Dalfampridine to Improve Balance in Multiple Sclerosis: Substudy from a Randomized Placebo-Controlled Trial

Luca Prosperini, Letizia Castelli, Laura De Giglio, Valeria Bonanno, Claudio Gasperini, Carlo Pozzilli

Research output: Contribution to journalArticlepeer-review


This was a substudy of a randomized, double-blind, placebo-controlled trial originally designed to explore the effect of dalfampridine on information processing speed (2013-002558-64 EU Clinical Trials Register) in patients with multiple sclerosis (MS). A total of 120 patients were originally randomized in a 2:1 ratio to receive dalfampridine 10 mg or placebo twice daily for 12 weeks. Here, we sought to explore the effect of dalfampridine on static balance in single-task and dual-task conditions in a subgroup of 41 patients. They underwent static posturography in quiet standing (single-task) and while performing the Stroop test (dual-task) at randomization (baseline), after 12 weeks and after a 4-week wash-out period. Baseline characteristics of active group (n = 27) did not differ from those of placebo group (n = 14). Dalfampridine treatment was associated with better balance control than placebo in both single-task (F = 4.80, p = 0.034) and dual-task (F = 6.42, p = 0.015) conditions, with small-to-moderate effect sizes (Cohen’s f2 = 0.122–0.162). The beneficial effect of dalfampridine was not retained 4 weeks after its discontinuation. The rate of accidental falls per month did not differ between the two groups (p = 0.12). Our preliminary findings suggest that dalfampridine can be considered a potential option to treat balance impairment due to MS. Larger sample sizes are needed to verify if the beneficial effect of dalfampridine on balance can be translated into a reduced risk of accidental falls.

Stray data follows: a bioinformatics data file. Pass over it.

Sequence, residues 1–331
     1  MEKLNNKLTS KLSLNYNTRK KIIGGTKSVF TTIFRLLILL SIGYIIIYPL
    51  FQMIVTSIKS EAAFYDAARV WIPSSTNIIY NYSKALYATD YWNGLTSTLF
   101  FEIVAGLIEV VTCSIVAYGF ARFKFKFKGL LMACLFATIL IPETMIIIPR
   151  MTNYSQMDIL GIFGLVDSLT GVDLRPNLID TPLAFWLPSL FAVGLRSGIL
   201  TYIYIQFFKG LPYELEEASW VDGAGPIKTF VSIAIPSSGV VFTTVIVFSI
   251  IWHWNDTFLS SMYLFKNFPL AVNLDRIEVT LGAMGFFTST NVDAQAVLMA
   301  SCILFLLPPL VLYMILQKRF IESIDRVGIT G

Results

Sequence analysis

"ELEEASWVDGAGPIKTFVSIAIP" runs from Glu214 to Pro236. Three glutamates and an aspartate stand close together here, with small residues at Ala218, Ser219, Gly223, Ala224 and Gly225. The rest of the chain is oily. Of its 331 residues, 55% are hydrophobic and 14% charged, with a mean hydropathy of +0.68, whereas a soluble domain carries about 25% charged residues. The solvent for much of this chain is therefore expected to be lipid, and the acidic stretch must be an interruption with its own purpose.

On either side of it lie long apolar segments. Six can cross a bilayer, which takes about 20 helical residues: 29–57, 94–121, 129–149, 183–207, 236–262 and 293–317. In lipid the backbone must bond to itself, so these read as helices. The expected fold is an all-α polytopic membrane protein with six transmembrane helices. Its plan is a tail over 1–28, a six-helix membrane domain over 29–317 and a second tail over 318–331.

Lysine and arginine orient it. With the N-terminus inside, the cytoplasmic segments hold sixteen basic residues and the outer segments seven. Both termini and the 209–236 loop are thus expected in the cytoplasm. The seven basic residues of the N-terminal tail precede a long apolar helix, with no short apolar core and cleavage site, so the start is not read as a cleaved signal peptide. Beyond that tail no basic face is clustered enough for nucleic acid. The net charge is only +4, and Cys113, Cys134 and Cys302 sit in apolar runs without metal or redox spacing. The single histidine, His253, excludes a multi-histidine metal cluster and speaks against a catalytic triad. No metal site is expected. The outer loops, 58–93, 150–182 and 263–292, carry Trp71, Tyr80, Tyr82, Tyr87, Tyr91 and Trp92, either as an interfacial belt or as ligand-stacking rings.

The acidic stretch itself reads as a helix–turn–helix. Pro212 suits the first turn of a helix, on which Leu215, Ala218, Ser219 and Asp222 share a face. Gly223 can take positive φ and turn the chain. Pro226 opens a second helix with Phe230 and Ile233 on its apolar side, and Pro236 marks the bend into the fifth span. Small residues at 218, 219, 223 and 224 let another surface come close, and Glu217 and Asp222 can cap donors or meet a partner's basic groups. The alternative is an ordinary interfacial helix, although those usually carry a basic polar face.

Original languageEnglish
Publication statusE-pub ahead of print - Dec 9 2019


  • accidental falls
  • balance
  • clinical trial
  • dalfampridine
  • Multiple sclerosis

ASJC Scopus subject areas

  • Pharmacology
  • Clinical Neurology
  • Pharmacology (medical)


Dive into the research topics of 'Dalfampridine to Improve Balance in Multiple Sclerosis: Substudy from a Randomized Placebo-Controlled Trial'. Together they form a unique fingerprint.

Cite this